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The ‘Deleted Text’ Scandal Democrats Want You to Forget


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American Greatness

“Has the Secret Service become a national security threat?” Ja’han Jones of MSNBC recently asked. He refers, of course, to the “scandal” surrounding missing or deleted texts of Secret Service agents sent on January 6 as the incursion into the Capitol unfolded. 

Of course, the scandal really began when anonymous Secret Service agents made the mistake of embarrassing the House’s January 6 tribunal by contradicting the outlandish hearsay account of Cassidy Hutchinson. Hutchinson’s story riveted Trump-hating viewers. But the committee had rushed to promote her testimony without first checking with any of the people who were actually present. Naturally, with egg on their faces, the committee launched a revenge campaign against the agency assigned with protecting the president. It demanded texts and its media allies declared routine deletions to be a cover-up.

Ja’han Jones practically said the quiet part out loud: In the “get Trump” era, contradicting anti-Trump an narrative constitutes the highest of all crimes against the re-defined “national security” of the oligarchtical uniparty that really runs things. 

 

But there is something oddly familiar about this deleted text scandal. As so often is the case, the fake outrage over the deleted Secret Service texts has a much more serious analogue that was received very differently because the shoe was on the other foot. In the get-Trump era, government insiders intentionally deleted texts to cover-up a very real attempt to overthrow a duly elected president.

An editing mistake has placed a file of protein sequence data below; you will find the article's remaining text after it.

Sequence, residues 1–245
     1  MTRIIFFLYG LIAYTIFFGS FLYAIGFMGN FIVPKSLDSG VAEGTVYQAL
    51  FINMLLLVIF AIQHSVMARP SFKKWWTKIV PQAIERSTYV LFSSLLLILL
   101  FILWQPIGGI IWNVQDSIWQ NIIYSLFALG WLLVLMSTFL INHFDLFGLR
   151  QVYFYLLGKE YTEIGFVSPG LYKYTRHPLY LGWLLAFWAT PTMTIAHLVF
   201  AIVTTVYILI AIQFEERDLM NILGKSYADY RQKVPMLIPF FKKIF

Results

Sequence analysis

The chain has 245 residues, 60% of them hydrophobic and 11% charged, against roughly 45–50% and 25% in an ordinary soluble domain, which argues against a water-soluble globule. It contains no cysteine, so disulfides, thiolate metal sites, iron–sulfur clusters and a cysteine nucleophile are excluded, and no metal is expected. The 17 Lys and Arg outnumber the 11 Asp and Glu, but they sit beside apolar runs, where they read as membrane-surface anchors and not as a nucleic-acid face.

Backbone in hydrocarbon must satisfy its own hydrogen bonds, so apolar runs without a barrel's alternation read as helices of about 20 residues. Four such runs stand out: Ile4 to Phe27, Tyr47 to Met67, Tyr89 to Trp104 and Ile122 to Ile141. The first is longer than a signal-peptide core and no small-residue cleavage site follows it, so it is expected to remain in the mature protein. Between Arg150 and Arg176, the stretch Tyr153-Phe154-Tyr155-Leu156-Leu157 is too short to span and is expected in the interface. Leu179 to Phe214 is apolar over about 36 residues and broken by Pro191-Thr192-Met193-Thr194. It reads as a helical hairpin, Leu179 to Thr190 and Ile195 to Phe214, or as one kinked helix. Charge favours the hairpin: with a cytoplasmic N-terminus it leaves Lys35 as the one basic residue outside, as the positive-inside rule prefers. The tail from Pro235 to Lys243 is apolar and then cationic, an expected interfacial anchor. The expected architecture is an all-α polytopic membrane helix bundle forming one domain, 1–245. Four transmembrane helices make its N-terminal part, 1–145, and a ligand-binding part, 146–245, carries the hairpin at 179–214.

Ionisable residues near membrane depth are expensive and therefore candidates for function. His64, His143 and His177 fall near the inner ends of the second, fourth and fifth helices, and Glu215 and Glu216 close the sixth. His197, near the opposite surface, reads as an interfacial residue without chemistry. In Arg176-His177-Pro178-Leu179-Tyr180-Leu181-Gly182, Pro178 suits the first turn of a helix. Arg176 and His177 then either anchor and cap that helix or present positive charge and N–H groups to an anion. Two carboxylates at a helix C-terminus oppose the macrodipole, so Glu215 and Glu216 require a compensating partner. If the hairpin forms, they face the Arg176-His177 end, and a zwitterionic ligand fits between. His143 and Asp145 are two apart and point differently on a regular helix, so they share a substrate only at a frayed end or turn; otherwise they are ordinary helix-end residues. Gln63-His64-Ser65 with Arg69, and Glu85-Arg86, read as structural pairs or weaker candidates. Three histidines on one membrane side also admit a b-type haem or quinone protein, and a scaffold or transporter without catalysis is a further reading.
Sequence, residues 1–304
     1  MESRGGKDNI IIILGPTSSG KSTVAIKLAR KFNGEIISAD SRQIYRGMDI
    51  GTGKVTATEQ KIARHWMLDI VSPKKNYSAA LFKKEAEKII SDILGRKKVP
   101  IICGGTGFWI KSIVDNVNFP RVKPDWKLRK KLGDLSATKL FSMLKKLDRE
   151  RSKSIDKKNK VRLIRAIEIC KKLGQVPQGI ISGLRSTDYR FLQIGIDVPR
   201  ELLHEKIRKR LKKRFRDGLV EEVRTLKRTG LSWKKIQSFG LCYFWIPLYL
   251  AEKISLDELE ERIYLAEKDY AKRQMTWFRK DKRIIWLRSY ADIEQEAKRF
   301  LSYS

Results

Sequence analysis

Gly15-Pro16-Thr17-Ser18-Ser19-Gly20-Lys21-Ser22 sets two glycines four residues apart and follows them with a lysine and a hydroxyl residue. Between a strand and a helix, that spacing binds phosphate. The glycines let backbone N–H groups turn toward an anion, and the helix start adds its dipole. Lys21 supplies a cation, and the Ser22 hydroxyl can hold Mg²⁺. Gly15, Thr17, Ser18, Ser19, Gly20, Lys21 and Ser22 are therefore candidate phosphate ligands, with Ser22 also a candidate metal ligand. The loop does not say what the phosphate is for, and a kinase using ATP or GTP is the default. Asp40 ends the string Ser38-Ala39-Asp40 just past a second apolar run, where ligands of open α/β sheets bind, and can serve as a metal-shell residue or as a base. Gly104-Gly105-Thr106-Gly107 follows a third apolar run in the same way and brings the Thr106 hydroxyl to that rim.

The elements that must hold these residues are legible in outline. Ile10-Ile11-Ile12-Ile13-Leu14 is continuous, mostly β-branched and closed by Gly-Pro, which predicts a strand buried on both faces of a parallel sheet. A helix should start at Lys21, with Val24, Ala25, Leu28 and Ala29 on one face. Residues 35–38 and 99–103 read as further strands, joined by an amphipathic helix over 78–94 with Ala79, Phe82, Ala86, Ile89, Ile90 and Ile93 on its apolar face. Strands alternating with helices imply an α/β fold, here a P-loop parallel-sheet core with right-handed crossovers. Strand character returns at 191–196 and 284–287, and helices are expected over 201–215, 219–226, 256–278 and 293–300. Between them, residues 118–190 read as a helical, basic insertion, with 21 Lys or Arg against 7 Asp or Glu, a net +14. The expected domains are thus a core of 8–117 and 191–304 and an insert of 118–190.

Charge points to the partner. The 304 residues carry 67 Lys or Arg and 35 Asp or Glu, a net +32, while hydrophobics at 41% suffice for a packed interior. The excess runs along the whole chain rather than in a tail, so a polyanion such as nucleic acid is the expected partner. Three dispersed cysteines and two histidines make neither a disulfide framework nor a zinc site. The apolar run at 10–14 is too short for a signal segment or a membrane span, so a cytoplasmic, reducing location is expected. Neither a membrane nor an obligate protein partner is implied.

Let’s take a walk down memory lane.:snip:

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The FBI Twice Interfered in the 2020 Election to Sabotage Trump. Now What?

It could be the whopper of the year.

“I can tell you that in every case we follow the facts and the evidence and the law and we do so without regard to politics or ideology,” Matthew Olsen, head of the Justice Department’s National Security Division, solemnly assured the House Judiciary Committee during a hearing last week.

Olsen was responding to a question by U.S. Representative Dan Bishop (R-N.C.) about the decision to arrest several men for supposedly conspiring to abduct and assassinate Michigan Governor Gretchen Whitmer in 2020. “The alleged Whitmer plot was announced on October 7, 2020 within a month of the U.S. presidential election,” Bishop asked Olsen. “How come that [was the] timing for the FBI’s announcement of this plot?”

 

Olsen refused to explain why, opting instead to commit borderline perjury by insisting the Justice Department turns a blind eye to politics—all evidence accumulated over the past six years to the contrary.

But now that two men have been acquitted after defense attorneys convinced a Michigan jury in April that the FBI entrapped their clients—the jury deadlocked on two other defendants who face a new trial next week—Bishop’s question demands an answer. And it won’t come from a dangerously-weaponized Justice Department focused almost entirely on prosecuting Americans who protested Joe Biden’s election on January 6, 2021 and with its sights now trained on indicting Donald Trump.:snip:

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